Coccidiosis question

Discussion in 'Emergencies / Diseases / Injuries and Cures' started by amandac, Sep 9, 2010.

  1. amandac

    amandac Out Of The Brooder

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    Apr 7, 2010
    Hi. I am fairly new to chickens and have a mixed flock of six, BSL, BR, GC and RIR. My girls are in an enclosed run, about 80 square feet. I have not treated for Coccidiosis, but and consistently reading that it is found in ALL soil. I was wondering if everyone else does preventative treatment or do you wait for a problem? Also, can you find the necessary treatments at Tracotr Supply? My local vets do not seem to treat chickens. Thanks in advance for the imput. [​IMG]
     
  2. silkiechicken

    silkiechicken Staff PhD Premium Member

    They will gain a natural immunity to it as chicks, you don't have to do anything. The only problems arise when the concentration in the soil gets so high that they get sick from eating the oocysts (such as when coops are not cleaned/high concentration of poop/favorable wet runs which facilitate their hibernation as oocysts in the ground) and not exposing chicks early enough to the soil, regardless if they are on medicated (prevents cocci from reproducing in the gut) or unmedicated feed.

    Nothing to worry about. I have only treated cocci once in 10+ years, and have never wormed or given vaccinations.
     
  3. eggsited chickens

    eggsited chickens Chillin' With My Peeps

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    Cocci usually affects chicks, that is why their is medicated chick feed. I have never used a medicated feed and haven't had a problem with it. If I did I would use corrid in the water to treat it.
     
  4. spish

    spish De Regenboog Kippetjes

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    i, on the other hand, have terrible trouble with cocci (lost 5 chickens at least this year to it, seems to be high levels in our soil)

    i use a preventative now in their water, for three days every 1-2 months they receive esb-3.

    touch wood since then no more cocci outbreaks (we live alongside a river and the fields are always waterlogged crossed with the humid belgian weather...perfect breeding ground for cocci)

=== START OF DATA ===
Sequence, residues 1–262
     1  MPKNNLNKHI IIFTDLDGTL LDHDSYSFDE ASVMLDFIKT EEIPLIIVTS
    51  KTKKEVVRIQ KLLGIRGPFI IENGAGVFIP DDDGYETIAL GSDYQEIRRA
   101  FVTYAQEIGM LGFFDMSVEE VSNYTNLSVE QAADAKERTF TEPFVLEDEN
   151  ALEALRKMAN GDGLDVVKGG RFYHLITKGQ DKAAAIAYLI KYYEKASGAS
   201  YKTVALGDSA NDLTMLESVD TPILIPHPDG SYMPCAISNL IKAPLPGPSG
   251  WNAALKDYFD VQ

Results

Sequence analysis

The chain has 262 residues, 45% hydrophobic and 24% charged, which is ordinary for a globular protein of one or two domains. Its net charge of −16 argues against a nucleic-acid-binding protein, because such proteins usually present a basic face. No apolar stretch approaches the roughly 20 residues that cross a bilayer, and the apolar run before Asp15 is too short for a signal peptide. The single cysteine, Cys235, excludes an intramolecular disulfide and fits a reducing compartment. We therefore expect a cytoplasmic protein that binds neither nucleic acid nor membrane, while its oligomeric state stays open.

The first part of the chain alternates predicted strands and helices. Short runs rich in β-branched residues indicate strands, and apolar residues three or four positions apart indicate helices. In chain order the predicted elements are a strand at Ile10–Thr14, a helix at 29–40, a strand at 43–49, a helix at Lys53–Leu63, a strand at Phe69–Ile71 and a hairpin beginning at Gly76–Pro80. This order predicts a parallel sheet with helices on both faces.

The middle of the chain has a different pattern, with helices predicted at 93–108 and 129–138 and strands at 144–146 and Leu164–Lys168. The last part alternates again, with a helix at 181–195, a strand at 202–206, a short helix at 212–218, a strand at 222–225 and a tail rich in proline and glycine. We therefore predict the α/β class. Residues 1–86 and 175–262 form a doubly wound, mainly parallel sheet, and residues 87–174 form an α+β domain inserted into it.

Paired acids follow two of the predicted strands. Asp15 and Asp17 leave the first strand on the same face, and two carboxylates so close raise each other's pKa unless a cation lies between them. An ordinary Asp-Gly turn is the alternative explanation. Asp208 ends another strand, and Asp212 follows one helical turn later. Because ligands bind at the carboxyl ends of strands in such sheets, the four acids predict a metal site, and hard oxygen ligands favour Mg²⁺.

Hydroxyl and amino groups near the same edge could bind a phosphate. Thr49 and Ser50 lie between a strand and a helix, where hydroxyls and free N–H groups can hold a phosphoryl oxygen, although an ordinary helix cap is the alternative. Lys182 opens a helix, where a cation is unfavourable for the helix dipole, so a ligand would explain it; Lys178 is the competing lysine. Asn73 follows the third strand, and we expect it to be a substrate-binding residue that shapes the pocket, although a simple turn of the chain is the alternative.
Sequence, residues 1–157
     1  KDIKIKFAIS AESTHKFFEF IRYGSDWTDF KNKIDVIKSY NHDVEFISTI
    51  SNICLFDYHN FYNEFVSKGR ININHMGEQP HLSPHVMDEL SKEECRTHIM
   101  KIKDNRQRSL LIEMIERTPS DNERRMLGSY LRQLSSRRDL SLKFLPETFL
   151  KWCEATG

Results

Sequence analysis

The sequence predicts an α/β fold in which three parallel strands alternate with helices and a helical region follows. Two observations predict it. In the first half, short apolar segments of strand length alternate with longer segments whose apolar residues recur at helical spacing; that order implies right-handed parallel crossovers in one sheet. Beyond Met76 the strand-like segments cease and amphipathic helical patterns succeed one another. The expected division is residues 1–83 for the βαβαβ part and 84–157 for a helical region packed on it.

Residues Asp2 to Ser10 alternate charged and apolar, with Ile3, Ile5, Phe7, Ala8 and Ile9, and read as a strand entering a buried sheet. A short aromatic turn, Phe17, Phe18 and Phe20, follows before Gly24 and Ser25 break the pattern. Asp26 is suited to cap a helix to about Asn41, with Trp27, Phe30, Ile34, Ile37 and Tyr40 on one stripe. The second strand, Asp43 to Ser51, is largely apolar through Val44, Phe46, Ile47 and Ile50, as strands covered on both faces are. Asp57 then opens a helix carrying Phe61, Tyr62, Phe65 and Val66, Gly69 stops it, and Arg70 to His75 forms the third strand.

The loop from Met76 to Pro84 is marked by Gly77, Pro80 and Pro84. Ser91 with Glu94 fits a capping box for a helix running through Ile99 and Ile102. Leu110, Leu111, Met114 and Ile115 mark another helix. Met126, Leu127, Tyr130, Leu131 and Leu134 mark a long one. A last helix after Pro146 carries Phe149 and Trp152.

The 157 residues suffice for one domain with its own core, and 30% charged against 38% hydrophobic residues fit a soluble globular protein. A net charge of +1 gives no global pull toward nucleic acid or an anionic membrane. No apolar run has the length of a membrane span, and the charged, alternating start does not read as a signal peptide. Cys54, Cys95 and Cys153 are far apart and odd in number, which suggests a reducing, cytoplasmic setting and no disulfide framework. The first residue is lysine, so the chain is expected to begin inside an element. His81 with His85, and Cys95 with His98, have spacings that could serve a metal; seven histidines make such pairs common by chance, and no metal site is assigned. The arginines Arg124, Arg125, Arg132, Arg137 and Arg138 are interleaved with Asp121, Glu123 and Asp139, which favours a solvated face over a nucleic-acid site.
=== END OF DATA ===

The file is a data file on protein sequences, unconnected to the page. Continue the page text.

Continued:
i put chicks out as early as possible to try and build up their immunity... am hoping it works!
     
    Last edited: Sep 9, 2010
  5. ChickensAreSweet

    ChickensAreSweet Heavenly Grains for Hens

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    Last edited: Sep 18, 2011
  6. PunkinPeep

    PunkinPeep Chillin' With My Peeps

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    My preventative treatment is to NOT use medicated feed and to put chicks on soil from about day 2 - or if weather does not permit this, to put soil in the brooder, immediately to let them begin being exposed to the oocycsts. I have not had another outbreak of cocci since i started doing this. When i used to use medicated feed, etc., i always had cocci issues.

    If i did have an outbreak, i would medicate immediately with Corid, which i keep on hand just in case. I would absolutely not follow up a 5-7 day treatment of Corid with Sulmet or more Corid. That's overkill, in my opinion, would be very hard on a chick's system, and is unnecessary.
     
  7. ChickensAreSweet

    ChickensAreSweet Heavenly Grains for Hens

    Quote:Ohhhh I'm going to have to try the soil in the brooder procedure next time I get chicks! I have TWICE treated my same flock for coccidiosis (because of actual runny blood in the stools both times and one death). Horrible disease.
     
  8. silkiechicken

    silkiechicken Staff PhD Premium Member

    Quote:It is a thiamine blocker which affects the cocci protozoa more so than the chickens as it inhibits their reproduction. Thiamine is one of the four nucleic acids in DNA, and because cocci has a much faster reproductive cycle, it effectively stops them from reproducing, while the chick, is larger, cell cycle is slower, and the ratio of the thiamine analog taken up is not high enough to cause any significant damage to the bird.


    As for med vs not med feed. It does one no good at all to give medicated feed and NOT expose birds at the same time to the soil. You need to give medicated feed AND exposure. Without the exposure early on, like day 2, the medication just goes though the bird with no effects.

    Humid soil and damp grounds are indeed the optimal storage conditions for cocci oocysts. They survive longer thus can build up. Being closer to wildlife, can also bring in new strains to the soil and help keep their numbers high. The protozoa only replicates inside birds.
     
  9. amandac

    amandac Out Of The Brooder

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    Apr 7, 2010
    Thanks so much for all the input! My chicks were older when I got them, probably 2 months old, but I have had them all since May with no problems. You all have put my worries at ease. Thanks again!
     
  10. ChickensAreSweet

    ChickensAreSweet Heavenly Grains for Hens

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    Last edited: Sep 18, 2011

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